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Exposure to nature possesses a profound capacity to rejuvenate and enrich, offering a sanctuary of solace and vitality amidst the hustle and bustle of modern life.

In the New York Times article, “Big, Smoggy Bangkok Gets a Badly Needed Breath of Fresh Air,” Richard C. Paddock writes about the “breath of fresh air” that is the recently expanded Benjakitti Park.

After nearly half a century of polluting the air, the former cigarette factory has been thoughtfully transformed into a natural haven, offering solace and vitality to the community it once burdened with its emissions. “Now, that cancer-inducing complex has given way to something completely different: green space that has brought a breath of fresh air to Bangkok’s congested, often smoggy center,” writes Paddock.

The article continues to say that the site has been transformed into a 102-acre oasis for city dwellers, including “a mile-long elevated walkway, as well as water-purifying wetlands, 8,000 new trees, pickleball and basketball courts, and a dog-walking zone.”

From the serene tranquility of a forest to the invigorating embrace of a sun-kissed meadow, nature’s bounty nurtures both body and mind.

Scientific research continually underscores the therapeutic effects of nature, demonstrating its ability to alleviate stress, enhance cognitive function, and promote emotional resilience.

The question becomes, “how can urbanites access these health benefits?” Like Benjakitti Park, there is a need for urban planning to match community health needs and the functionality of an urban green space.

According to a study in the National Library of Medicine from the journal of Risk Management and Healthcare Policy, “Urban green spaces provide environmental benefits through their effects on negating urban heat, offsetting greenhouse gas emissions, and attenuating storm water. They also have direct health benefits by providing urban residents spaces for physical activity and social interaction, and allowing psychological restoration to take place.”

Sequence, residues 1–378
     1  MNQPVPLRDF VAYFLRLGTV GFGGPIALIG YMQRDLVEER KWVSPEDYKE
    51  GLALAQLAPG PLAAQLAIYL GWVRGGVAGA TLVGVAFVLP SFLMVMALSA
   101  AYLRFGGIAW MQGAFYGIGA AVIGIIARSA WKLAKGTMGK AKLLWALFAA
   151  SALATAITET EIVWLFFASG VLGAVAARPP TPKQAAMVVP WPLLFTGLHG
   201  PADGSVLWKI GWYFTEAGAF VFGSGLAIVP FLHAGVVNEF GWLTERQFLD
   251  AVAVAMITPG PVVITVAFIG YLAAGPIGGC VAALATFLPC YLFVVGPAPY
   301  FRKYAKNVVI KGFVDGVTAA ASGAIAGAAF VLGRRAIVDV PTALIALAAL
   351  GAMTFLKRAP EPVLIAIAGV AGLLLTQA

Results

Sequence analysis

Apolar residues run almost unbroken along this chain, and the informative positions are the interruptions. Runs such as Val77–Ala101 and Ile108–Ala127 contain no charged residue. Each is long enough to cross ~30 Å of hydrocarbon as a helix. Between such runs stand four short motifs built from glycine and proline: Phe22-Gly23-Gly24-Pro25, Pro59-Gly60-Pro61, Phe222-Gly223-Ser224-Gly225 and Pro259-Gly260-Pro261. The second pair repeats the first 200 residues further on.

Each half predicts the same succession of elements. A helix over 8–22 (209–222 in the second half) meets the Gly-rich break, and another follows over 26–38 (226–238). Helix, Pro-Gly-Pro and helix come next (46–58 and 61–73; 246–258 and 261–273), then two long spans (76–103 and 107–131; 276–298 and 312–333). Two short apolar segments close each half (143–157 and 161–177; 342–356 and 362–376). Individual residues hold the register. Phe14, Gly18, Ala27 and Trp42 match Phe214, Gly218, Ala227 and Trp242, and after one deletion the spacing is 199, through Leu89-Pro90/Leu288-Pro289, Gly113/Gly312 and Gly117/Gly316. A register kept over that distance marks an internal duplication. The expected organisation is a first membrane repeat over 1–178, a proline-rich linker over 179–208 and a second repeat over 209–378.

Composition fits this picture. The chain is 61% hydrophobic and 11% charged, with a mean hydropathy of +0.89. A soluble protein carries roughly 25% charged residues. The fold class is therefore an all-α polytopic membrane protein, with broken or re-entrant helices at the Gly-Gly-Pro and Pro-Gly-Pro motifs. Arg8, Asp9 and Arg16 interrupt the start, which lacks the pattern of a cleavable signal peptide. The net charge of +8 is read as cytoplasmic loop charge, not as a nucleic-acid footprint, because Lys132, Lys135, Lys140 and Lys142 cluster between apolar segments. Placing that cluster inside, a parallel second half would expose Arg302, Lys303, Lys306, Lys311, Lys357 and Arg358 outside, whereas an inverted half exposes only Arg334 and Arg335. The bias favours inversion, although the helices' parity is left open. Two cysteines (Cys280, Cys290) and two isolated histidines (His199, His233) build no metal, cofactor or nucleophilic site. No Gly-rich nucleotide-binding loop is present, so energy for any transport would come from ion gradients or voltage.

As we continue to explore the relationship between our surroundings and our health and well-being, urban planners, architects, and designers play a vital role in connecting us back to nature through the built environment.

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Source: Paddock Richard C. “Author last name, First name. “Big, Smoggy Bangkok Gets a Badly Needed Breath of Fresh Air.” New York Times, May 11, 2024,

Source: Lee AC, Jordan HC, Horsley J. Value of urban green spaces in promoting healthy living and wellbeing: prospects for planning. Risk Manag Healthc Policy. 2015 Aug 27;8:131-7. doi: 10.2147/RMHP.S61654. PMID: 26347082; PMCID: PMC4556255.